relates to cancer but has not agreed that green tea can protect arteries
or fend off heart disease.
Glacéau: The Coca-Cola-owned product bears a confusing double-column
Nutrition Facts label that gives the impression that a 20-ounce bottle
of VitaminWater contains multiple servings. Yet the company knows full
well that the product is typically consumed by one person on a single
occasion, delivering 125 calories, not the 50 in a "serving." CSPI says
the dual-column format should be barred.
Edy's: Labels for Dibs Bite Sized Snacks boast "0g trans fat!"‹giving
the impression that the product is heart-healthy. Yet a serving of this
ice cream snack has 16 grams of saturated fat‹80 percent of the daily
value. CSPI says the FDA should prohibit companies from boasting of "0
grams trans" on foods with more than 1 gram of saturated fat per
serving. FDA already has similar limits on "cholesterol free" and
Thomas': Labels for Thomas' Hearty Grains English Muffins claim that the
food is "made with the goodness of whole grain² and ³made with whole
grains." Yet the primary ingredient is "unbleached enriched wheat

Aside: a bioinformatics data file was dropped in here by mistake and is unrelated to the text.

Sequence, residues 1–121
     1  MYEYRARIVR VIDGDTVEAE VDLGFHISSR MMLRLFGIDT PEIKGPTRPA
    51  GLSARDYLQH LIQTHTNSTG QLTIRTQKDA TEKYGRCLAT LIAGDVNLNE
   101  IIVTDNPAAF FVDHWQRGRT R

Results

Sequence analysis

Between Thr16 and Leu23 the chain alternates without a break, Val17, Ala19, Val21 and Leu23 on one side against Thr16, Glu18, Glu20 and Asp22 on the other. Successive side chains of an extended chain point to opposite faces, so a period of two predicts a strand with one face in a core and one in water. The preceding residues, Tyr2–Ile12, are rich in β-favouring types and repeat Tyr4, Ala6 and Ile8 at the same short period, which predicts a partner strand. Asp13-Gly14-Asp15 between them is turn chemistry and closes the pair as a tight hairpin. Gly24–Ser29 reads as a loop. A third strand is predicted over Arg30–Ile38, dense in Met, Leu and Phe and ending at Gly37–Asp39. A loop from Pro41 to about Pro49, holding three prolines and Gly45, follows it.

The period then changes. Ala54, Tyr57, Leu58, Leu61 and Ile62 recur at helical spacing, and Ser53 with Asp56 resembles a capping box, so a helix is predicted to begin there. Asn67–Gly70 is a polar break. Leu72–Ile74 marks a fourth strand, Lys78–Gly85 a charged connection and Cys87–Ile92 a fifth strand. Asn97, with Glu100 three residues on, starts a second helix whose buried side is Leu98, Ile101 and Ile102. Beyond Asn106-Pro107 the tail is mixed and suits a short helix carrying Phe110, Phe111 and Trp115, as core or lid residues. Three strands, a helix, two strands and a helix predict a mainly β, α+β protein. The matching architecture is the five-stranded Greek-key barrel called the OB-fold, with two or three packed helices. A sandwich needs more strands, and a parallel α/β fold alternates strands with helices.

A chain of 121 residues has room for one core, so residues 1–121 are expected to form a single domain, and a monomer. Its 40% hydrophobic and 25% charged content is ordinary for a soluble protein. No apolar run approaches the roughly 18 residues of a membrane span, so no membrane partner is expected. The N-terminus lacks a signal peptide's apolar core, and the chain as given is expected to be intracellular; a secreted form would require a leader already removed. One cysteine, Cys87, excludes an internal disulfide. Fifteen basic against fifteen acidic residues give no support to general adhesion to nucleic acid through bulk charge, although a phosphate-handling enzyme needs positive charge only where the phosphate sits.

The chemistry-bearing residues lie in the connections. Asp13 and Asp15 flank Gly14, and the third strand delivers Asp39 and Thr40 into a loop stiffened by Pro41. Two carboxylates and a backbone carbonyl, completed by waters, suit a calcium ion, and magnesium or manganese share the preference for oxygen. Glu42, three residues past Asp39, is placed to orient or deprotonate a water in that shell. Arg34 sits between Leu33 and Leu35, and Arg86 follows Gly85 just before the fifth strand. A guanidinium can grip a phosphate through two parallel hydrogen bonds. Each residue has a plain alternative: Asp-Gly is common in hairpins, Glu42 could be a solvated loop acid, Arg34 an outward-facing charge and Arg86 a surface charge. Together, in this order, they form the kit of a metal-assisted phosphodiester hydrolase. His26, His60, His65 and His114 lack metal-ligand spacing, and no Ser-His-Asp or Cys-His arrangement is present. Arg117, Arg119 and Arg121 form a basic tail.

flour," meaning white flour. The product has more water than whole wheat
flour, which is the third ingredient.
Gerber: Labels for Gerber Graduates Juice Treats‹a product intended for
pre-schoolers‹picture an abundance of fruit: oranges, grapes, peaches,
cherries, pineapple, and raspberries. Yet there is no cherry, orange, or
pineapple in the product, and less than 2 percent is raspberry and apple
juice concentrate. The main ingredients are corn syrup and sugar,
providing 17 grams‹or about four teaspoons‹of refined sugars per serving.
The main ingredients are corn syrup and sugar, not the abundance of
fruit shown on the package, providing 17 grams‹or about four
teaspoons‹of refined sugars per serving.
Minute Maid: The words "all natural" appear on Minute Maid's Cranberry
Apple Cocktail. Yet the product contains added citric acid‹meaning
citric acid that didn¹t occur naturally in the juice. FDA has long held
that adding citric acid disqualifies a company from claiming the food is